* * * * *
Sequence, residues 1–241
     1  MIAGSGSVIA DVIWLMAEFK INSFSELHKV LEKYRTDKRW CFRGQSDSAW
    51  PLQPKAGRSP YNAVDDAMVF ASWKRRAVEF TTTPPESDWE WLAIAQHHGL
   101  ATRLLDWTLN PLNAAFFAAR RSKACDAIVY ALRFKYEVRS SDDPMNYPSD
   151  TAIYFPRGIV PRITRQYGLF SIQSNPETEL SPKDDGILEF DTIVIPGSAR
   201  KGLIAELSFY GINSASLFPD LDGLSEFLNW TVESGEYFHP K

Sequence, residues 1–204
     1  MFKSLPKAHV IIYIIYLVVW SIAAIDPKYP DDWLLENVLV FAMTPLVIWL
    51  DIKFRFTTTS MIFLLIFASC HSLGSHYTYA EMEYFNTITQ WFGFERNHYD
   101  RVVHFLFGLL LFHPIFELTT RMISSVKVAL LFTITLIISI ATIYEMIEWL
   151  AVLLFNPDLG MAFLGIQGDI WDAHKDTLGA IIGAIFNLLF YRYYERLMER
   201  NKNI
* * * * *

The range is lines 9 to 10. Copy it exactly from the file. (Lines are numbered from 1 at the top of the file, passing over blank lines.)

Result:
    51  DIKFRFTTTS MIFLLIFASC HSLGSHYTYA EMEYFNTITQ WFGFERNHYD
   101  RVVHFLFGLL LFHPIFELTT RMISSVKVAL LFTITLIISI ATIYEMIEWL